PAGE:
Among the major recent events in travel, illustrating a larger trend, has been the continued sharp decline in the value of the Russian ruble. Two years ago, that currency enjoyed an exchange rate of 33 to the U.S. dollar, and then plunged last year to a level of 65 to the dollar, which most observers felt to be its bottom value. Lo and behold, the ruble has now plunged again, to about 80 to the dollar, and consequently, the cost of a stay in Russia for the American tourist has become quite low. All this has occurred, of course, because the Russian economy – almost totally dependent on the sale of oil, has been battered by the current price of oil averaging $30 a barrel. If you have ever felt curious about life in Moscow and St. Petersburg, you now have the best-ever conditions for a stay there.
This Russian development has caused me to realize that I have negligently limited my own discussion of the currently mighty value of the U.S. dollar (and its impact on tourism) to the euro, the Canadian dollar, the Japanese yen, the Indian rupee and the Australian dollar. I should have pointed out that the currencies of our neighbors to the south also have plummeted. The Mexican peso, which recently sold at 13 to the dollar, is now exchanged at 18 to the dollar. The currencies of both Brazil and Argentina have also fallen by half against the dollar. There has rarely been a more advantageous time to travel to a large part of the world, for Americans possessing dollars.
To see the latest exchange rates, go to the oddly named website, xe.com. And to obtain your foreign currency, always wait until you have actually arrived at your destination; exchange rates in the local area nearly always are more favorable to American tourists than the rates you will receive from U.S. banks. And generally speaking, ATMs at the destination usually will provide you with your foreign currency at excellent rates of exchange. ATMs are just as easily found overseas as they are at home, but it is important to remember that they usually will require use of a four-digit PIN. If your own PIN is lengthier than that, have it changed to a shorter version before you set out on your trip.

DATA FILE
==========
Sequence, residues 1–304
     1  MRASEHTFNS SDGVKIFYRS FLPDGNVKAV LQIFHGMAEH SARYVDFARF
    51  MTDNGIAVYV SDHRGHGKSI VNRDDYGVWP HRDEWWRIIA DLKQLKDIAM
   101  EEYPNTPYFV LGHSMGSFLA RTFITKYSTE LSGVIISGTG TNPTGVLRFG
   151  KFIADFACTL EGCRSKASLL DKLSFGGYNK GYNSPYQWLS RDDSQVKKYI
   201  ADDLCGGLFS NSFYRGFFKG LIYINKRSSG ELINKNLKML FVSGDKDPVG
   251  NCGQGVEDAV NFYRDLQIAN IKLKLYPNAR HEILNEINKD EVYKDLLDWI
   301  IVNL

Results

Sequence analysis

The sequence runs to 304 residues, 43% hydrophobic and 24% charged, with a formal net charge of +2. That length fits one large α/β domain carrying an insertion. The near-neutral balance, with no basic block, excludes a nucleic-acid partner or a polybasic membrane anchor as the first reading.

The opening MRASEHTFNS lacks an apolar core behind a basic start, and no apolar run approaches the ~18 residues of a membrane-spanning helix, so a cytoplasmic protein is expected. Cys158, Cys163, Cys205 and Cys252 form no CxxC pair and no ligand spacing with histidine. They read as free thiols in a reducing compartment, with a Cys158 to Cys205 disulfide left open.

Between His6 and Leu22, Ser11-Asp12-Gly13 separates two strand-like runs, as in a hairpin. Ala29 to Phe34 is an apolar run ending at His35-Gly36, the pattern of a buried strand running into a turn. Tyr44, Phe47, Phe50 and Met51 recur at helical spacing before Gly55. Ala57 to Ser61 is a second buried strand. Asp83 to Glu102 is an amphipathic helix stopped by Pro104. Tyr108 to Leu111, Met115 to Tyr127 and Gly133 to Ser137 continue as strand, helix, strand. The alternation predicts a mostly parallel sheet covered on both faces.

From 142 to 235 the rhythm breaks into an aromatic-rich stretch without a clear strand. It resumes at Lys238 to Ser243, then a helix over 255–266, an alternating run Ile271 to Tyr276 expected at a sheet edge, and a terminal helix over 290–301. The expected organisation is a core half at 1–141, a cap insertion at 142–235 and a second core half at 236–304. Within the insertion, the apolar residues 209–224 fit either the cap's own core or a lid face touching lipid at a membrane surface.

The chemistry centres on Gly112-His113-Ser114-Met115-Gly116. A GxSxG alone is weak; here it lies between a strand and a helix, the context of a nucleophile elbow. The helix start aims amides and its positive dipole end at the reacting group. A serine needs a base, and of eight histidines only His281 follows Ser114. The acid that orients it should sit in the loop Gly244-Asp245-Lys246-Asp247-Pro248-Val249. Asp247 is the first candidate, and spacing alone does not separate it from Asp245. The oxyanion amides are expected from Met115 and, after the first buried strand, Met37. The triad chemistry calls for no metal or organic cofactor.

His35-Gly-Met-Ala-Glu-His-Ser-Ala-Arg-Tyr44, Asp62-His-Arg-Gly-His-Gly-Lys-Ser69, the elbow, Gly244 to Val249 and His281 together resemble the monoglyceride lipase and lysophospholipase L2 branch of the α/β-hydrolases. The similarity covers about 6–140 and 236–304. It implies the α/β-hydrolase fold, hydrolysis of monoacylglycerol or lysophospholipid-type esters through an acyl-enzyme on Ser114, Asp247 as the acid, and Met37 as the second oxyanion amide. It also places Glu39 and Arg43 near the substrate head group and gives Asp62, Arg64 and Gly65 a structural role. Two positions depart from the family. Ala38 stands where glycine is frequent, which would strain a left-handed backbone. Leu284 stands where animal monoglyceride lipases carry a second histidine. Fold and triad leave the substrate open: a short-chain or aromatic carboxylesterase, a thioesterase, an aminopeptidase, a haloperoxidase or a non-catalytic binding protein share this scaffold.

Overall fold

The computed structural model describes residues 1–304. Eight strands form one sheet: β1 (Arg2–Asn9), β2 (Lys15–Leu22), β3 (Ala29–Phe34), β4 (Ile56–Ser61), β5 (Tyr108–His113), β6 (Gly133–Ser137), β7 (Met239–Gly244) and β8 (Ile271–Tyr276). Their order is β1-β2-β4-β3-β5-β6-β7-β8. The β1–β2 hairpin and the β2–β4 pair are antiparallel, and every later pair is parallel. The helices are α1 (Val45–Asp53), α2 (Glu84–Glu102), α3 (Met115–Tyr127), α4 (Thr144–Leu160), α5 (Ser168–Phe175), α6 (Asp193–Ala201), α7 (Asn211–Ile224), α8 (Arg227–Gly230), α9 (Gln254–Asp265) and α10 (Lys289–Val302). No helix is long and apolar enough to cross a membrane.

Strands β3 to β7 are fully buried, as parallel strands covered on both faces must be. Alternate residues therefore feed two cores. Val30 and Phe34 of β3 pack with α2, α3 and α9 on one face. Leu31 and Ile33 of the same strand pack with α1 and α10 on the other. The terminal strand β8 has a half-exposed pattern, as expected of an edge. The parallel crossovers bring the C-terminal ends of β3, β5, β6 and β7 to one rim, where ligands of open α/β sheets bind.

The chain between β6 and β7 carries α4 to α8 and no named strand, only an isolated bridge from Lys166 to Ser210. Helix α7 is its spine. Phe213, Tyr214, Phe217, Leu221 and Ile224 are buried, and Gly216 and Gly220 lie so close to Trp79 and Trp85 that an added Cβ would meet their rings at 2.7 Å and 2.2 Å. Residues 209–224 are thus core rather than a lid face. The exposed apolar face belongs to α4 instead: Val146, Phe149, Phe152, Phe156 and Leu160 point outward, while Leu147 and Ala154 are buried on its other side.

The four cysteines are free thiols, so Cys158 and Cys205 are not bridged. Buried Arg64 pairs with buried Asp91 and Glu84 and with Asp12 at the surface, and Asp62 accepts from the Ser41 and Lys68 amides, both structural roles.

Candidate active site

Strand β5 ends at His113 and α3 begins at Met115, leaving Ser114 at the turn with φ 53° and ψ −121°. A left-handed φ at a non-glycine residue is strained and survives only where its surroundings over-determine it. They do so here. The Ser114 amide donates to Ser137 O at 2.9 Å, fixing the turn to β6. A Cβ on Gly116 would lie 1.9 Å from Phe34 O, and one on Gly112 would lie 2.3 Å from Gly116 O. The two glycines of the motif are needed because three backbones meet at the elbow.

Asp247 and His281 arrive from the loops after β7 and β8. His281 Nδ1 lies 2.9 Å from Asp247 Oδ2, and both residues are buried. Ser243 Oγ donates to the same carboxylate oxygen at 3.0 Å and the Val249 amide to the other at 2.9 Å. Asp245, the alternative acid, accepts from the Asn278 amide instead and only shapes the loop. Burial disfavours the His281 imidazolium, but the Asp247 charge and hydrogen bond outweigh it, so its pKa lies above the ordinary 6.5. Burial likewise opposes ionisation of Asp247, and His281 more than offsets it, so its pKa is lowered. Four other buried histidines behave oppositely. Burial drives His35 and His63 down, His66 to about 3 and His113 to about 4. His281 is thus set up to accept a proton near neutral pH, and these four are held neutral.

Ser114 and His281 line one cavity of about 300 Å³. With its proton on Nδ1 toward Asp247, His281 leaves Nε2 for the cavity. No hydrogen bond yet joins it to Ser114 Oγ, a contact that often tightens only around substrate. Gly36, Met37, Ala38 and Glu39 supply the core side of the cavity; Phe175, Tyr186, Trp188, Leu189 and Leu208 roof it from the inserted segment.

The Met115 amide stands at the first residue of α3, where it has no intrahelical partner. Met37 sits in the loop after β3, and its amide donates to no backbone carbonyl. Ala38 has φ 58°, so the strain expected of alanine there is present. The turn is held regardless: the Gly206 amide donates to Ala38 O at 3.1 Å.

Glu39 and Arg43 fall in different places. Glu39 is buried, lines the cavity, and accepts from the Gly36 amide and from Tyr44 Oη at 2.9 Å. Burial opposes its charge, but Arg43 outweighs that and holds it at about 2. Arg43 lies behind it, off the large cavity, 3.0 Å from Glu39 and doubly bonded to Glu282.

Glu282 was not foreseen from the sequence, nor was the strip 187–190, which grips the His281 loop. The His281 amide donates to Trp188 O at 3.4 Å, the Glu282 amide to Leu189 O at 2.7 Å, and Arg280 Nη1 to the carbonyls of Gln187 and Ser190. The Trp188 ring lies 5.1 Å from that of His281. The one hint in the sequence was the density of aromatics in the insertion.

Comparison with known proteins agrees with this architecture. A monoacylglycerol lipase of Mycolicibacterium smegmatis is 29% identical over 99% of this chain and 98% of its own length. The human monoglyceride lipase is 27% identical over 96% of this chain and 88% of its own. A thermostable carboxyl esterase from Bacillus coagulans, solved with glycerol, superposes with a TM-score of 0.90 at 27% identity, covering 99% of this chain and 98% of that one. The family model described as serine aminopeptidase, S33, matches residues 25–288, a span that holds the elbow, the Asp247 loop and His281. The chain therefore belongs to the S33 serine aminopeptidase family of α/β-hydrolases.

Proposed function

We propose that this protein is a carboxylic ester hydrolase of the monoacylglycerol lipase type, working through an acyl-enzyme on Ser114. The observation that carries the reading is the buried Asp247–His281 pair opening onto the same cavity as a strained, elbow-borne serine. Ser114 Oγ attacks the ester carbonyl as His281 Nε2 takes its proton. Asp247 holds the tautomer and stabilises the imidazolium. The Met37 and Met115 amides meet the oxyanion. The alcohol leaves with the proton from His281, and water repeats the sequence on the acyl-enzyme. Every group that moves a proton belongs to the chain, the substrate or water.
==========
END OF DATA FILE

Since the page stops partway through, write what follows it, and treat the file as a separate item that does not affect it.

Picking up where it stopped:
One final caution: In some countries whose currency has drastically fallen in value – Argentina is the best example – expensive luxury hotels often will raise their room rates for well-heeled American tourists, thus erasing the advantage of a strong U.S. dollar. To be certain that you are obtaining the advantage of good exchange rates, it’s important to stay at modest hotels, of the sort that will have a stong local clientele (and not simply overseas tourists). By avoiding the deluxe properties in Argentina, for example, and staying only at modest hotels, you now will receive the advantage of the strong drop that has taken place in the Argentinian peso.
Note to the reader: Please be sure to confirm all rates and details directly with the companies in question before planning your trip. The information in this column was accurate when it was released, but prices are competitive, sometimes limited and can always change without notice.
Arthur Frommer is the founder of the Frommer’s Travel Guide book series. Find more destinations and read his blog at frommers.com.